Australia's defense chief has been awarded tens of thousands of dollars in damages after claiming that a six-word Twitter post caused him deep ?hurt and distress,? with a judge ruling that the tweet was defamatory.
An Australian court agreed to award $25,000 (AU$35,000) to Defense Minister Peter Dutton on Wednesday over the brief Twitter post, far below the maximum limit allowed under the law, as the judge determined the official had been libeled, but not in a way that impacted his day-to-day life.
Though the tweet in question "was no doubt a serious defamation," Dutton "did not claim to have suffered more serious consequences by reason of the publication of the tweet or even that his hurt and distress had continued to the date of trial," Judge Richard White said in his ruling.
Originally posted in February by immigration activist Shane Bazzi and later shown to Dutton by one of his staffers, the since-deleted tweet denounced the minister as a "rape apologist." The activist shared a 2019 article in which Dutton was quoted as saying that some refugees claiming to be rape victims were merely "trying it on," suggesting they were lying in order to obtain asylum in Australia.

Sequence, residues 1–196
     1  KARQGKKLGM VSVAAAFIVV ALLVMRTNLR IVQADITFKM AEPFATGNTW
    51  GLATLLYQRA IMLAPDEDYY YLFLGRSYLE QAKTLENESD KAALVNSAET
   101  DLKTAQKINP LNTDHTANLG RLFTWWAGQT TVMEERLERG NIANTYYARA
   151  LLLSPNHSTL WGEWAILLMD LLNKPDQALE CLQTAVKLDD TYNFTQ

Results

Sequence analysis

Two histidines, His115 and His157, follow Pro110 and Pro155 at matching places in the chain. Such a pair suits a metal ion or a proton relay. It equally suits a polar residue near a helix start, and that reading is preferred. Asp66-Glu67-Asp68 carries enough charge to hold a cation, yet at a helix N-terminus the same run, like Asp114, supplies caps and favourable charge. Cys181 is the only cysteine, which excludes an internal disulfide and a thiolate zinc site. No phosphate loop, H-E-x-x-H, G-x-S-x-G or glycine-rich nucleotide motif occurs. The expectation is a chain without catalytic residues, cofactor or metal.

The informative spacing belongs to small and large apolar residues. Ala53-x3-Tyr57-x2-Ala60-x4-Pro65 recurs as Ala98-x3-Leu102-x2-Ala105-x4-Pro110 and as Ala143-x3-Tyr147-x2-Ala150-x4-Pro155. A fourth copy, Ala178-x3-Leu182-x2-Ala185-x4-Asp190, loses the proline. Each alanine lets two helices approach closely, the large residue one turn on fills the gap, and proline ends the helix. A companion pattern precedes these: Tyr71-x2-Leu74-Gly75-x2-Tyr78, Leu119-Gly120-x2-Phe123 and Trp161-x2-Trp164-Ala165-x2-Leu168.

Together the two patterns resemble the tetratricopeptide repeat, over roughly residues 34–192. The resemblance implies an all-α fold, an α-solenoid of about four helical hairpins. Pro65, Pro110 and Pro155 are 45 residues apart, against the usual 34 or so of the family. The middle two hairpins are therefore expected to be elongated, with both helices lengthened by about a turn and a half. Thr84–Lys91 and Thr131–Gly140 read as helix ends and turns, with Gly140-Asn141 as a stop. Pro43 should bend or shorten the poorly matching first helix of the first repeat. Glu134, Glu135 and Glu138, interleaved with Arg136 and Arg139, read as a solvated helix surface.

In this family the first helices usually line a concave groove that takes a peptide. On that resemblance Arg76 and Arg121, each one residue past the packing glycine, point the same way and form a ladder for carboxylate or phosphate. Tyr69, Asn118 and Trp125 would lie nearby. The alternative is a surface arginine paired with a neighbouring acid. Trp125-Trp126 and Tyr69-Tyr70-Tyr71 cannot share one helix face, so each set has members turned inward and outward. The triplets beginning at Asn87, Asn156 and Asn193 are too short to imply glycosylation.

While Dutton noted that he was familiar with the "rough-and-tumble of politics," he said the tweet in question left him so "deeply offended" that a lawsuit was in order.
Bazzi, for his part, reacted to the ruling with disappointment in another tweet on Wednesday afternoon - this one a bit longer than six words.
"We are very disappointed with the outcome. We will be taking time to consider our options. Thank you for all of your support and solidarity," the activist wrote, adding "I ask that you could please respect my privacy at this time."